Hivos website

Conserving global biodiversity

All people should have access to healthy and affordable food. Together, we can build a more sustainable future. #PeopleUnlimited

Growing up as a child, Daniel Wanjama remembers his family would sometimes go without food. “I understand totally how indignifying that is,” he explains, “how going hungry leaves people desperate.”

You cannot have dignity without feeding yourself.

That is why Daniel made it his life’s mission to promote access to healthy and sustainable food. The work he does in his native Kenya not only helps conserve global biodiversity, it also ensures farmers have the freedom to grow the crops they want.

Seeds for survival

Heading the Kenyan Seed Savers Network, Daniel believes diversity of seeds is at the core of fighting hunger and malnutrition. After all, the more diverse and adaptive seeds are, the better they can withstand changing climates. In other words, they play an important role in ensuring food security.

Sustainable food
Daniel Wanjama, photo: Makmende Media / Hivos

Daniel, however, worries about the power of the agrochemical industry. “It is possible to have food coming from all regions, even the dry and wet regions. But, because of the business objectives of seed companies, they make the same seed for all.” The consequence, according to Daniel, is that “Some regions are food insecure because the crop that they are growing is not suitable.” He is convinced the solution lies in giving farmers the knowledge and training they need to save their own seeds.

Ownership is given by nature to everyone.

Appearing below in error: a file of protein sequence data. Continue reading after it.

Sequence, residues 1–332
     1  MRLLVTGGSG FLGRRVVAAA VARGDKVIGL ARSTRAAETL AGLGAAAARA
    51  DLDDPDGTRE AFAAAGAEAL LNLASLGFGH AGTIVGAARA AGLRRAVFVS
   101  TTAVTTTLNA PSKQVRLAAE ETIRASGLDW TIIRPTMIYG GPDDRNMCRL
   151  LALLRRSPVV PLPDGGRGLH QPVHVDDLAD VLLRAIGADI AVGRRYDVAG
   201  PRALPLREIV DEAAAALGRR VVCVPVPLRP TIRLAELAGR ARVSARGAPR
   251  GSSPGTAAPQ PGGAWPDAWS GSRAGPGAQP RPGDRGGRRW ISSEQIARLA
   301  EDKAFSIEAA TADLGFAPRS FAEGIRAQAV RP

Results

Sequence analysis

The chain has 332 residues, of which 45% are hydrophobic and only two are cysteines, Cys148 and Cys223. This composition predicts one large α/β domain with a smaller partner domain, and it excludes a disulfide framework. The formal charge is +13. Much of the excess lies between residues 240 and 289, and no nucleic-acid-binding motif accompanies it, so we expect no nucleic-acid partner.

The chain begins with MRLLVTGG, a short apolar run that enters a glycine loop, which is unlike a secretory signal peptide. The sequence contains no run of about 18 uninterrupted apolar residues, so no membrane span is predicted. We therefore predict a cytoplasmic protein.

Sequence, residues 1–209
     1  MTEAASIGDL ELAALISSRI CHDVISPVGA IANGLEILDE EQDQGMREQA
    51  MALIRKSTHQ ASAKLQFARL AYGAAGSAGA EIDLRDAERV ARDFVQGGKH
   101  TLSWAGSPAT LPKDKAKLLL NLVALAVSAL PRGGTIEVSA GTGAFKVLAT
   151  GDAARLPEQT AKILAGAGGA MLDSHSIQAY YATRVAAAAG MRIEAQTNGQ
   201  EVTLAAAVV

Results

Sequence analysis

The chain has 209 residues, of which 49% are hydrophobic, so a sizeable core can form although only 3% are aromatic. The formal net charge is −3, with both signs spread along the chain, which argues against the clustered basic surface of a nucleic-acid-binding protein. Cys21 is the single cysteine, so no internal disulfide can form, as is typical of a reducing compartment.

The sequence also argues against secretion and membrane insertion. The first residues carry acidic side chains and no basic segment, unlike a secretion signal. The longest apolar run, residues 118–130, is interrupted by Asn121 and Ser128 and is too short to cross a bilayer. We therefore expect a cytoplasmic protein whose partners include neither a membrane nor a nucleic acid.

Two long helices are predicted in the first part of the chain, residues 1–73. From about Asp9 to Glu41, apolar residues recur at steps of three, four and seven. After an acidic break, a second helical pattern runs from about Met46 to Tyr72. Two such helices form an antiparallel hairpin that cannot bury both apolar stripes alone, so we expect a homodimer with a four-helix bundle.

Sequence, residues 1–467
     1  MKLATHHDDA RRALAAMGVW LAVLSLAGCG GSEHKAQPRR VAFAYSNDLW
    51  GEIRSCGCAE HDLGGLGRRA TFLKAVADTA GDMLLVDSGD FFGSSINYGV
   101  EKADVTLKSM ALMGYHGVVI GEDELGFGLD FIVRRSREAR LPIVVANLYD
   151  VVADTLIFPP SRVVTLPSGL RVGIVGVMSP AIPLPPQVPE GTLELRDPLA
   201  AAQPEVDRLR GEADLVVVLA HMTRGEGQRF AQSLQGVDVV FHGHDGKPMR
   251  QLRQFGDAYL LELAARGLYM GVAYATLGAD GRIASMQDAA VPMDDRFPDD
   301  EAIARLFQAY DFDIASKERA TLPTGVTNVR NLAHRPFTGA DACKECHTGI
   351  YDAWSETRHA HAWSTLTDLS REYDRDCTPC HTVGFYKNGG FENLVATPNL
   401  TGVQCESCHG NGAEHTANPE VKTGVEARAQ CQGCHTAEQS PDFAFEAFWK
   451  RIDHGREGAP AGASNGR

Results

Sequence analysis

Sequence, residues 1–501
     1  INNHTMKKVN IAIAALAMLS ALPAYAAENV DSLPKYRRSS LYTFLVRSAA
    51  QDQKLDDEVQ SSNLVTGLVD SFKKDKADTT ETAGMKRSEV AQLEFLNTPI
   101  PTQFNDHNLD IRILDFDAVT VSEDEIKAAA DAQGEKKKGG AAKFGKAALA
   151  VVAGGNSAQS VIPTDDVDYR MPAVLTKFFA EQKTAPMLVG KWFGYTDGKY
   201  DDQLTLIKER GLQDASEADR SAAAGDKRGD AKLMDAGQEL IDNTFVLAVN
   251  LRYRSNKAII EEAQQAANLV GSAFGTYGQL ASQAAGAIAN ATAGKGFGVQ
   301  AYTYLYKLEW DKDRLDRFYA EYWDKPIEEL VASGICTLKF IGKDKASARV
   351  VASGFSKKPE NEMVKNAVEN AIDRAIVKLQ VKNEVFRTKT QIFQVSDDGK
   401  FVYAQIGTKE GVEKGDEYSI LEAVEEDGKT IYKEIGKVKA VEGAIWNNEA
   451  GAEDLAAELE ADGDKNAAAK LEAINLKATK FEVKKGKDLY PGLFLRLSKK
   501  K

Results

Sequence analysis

Together with Hivos, Daniel is implementing an Open Source Seeds System (OSSS) based on protected commons for seed varieties instead of exclusive intellectual property rights. Daniel explains, “OSSS is against monopolization of seeds and about encouraging more players in the seed sector.” The concept was introduced by Hivos in Kenya, and Daniel believes it has come at the right time. We share Daniel’s conviction that seeds are common goods. Or as he puts it, “They are just like air, provided by nature for all of us because they are at the center of survival of humanity.”

A father’s duty 

sustainable food
Daniel and his family, photo: Makmende Media / Hivos

His childhood experiences and his work at the Seed Savers Network have influenced the way Daniel raises his own family. "As a father, it is my duty to make sure that my children eat healthy. To make sure they get the culture of eating healthy. So, I try to make sure that we consume local vegetables because they are more nutritious. And we try as much as possible to have diverse food on our table.”

Read our feature We are what we eat to learn why we believe the food system needs to change.